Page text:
Natasha: Our writers and directors are incredibly good at ensuring that our characters are being celebrated, as they should be!
Esther: I have quite a few same-sex couples in my circle of friends. Keeping them in the back of my mind, helped me with the development of Elana. Her being gay is not a character trait. It’s embedded in her identity. What comes with it, like for example society’s assumptions and the possible discrimination she might have had to endure, will for me affect how she handles certain individuals and situations in the present day.
Are you able to express physical closeness with each other on the show (hugging, kissing, holding hands etc..) like any other couple?
Natasha: Sadly, we are living through a world pandemic, so we aren’t able to get too intimate on set, but we do show love and affection where we can.
Esther: We wanted to be more physical from the start but we were reined in a bit, and with good reason. Tash and I wanted to ‘show’ their closeness but in real life married couples don’t do that in public much. We still go for it when it feels natural to do so.
To what extent are your storylines going to be focused on your character’s sexuality?
Natasha: Our narrative follows a story line, as any other character would. It’s an important part of the story, but not the whole story.
Esther: Mention has been made of Elana’s parents who pushed her out because of her sexuality but up to now it’s not been a central storyline. At the moment, we are just a married couple with the usual hopes and fears, ups and downs, who happen to be same-sex.
Many LGBTQ+ characters in local soaps have been short-term roles. How significant is that you are part of the permanent cast?
Natasha: What is wonderful is that Suidooster is not just touching on the subject, it’s incredibly significant that they willing to include it in a permanent storyline. It speaks to their open mindedness and their want for social change.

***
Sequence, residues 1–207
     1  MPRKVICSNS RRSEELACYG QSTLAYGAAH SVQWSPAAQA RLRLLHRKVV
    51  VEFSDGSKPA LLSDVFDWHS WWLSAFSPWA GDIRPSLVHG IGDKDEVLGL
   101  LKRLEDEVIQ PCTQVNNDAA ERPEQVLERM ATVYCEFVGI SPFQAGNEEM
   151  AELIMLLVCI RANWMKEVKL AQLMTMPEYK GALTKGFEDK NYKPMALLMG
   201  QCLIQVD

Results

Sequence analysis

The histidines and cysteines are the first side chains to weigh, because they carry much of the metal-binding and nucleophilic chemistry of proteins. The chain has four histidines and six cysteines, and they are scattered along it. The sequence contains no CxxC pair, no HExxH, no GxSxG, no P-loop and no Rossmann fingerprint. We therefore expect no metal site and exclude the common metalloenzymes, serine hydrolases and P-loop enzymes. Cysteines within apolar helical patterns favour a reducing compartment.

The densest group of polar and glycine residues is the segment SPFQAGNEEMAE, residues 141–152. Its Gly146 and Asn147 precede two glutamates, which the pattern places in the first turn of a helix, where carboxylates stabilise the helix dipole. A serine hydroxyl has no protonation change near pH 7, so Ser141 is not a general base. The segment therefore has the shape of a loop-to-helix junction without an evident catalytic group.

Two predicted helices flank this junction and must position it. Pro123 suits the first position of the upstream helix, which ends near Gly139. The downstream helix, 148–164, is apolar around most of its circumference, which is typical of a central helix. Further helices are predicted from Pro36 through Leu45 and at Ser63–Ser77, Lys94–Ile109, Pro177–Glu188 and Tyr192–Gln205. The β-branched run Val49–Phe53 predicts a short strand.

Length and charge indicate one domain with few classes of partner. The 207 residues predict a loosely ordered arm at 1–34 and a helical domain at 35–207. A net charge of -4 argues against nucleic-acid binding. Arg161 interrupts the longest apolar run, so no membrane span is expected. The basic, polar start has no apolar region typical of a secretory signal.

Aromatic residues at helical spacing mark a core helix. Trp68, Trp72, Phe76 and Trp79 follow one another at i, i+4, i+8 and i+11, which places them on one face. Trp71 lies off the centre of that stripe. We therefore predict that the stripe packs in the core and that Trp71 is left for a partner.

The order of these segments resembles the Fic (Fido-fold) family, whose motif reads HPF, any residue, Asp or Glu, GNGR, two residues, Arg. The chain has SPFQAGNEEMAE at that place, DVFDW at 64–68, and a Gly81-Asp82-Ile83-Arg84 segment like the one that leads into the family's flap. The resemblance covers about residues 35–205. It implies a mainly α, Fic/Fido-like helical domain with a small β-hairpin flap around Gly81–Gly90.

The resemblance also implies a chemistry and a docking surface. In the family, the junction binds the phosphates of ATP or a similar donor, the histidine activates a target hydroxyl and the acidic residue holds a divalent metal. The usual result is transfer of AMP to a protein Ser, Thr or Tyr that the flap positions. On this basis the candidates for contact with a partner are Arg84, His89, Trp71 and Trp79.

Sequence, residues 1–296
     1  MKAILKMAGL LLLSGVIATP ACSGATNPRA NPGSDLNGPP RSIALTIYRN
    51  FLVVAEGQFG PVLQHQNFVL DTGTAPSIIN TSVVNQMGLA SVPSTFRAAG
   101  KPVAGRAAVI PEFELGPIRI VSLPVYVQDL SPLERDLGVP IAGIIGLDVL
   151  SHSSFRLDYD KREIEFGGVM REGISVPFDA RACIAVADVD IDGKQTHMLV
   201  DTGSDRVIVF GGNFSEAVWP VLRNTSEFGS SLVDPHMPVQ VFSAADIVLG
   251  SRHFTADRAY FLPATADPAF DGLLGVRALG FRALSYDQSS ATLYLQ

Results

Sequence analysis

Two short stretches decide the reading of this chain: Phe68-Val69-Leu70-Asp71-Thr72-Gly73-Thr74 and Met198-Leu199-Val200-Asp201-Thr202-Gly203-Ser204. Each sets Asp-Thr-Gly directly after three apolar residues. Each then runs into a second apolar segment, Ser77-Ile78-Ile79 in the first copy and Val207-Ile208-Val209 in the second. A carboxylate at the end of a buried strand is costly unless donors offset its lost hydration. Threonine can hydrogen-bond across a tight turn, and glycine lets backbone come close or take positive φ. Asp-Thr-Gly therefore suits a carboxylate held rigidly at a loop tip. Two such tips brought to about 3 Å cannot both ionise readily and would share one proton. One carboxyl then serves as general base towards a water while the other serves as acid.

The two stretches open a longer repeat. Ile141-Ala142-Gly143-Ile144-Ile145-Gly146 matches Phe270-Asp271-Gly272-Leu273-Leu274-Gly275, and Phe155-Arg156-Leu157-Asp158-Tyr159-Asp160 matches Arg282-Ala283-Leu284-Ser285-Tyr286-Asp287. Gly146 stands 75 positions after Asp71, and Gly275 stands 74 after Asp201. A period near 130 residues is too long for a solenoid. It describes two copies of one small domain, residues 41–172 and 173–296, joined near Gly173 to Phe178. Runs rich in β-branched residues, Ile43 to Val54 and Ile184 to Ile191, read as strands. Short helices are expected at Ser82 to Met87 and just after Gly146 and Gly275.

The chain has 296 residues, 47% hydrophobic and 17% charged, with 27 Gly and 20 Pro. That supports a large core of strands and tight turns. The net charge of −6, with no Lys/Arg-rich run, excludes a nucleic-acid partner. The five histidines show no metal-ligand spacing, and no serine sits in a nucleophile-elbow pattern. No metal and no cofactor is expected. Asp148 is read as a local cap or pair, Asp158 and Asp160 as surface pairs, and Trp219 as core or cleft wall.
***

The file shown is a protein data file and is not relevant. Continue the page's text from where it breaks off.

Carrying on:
Esther: Elana and Susan are here to stay. The viewers are being given the opportunity to really get to know them, as individuals and as a couple, and to invest in them and their relationships as they do with the other characters.
Your characters were introduced during International Pride Month. What kind of message do you think that it sends?
Natasha: I think it sends a message of celebration and inclusivity, which is what we need right now!
Esther: I think it’s perfect. As if Suidooster and kykNet are saying to the LGBTQ+ community: ‘we see you’.
What kind of impact do you hope that your characters will have on South Africans?
Natasha: Prejudice comes from fear, and fear prevents people from learning and accepting, so we hope that the show will open people’s minds and open the conversation that different doesn’t mean wrong.
Esther: I hope that we can play a small part in the normalisation and acceptance of all sexual identities…even in the more conservative Afrikaans community. The more we know, the more we grow.
New episodes of Suidooster air weekdays at 18:30 on kykNET (DStv channel 144) and can be streamed on ShowMax.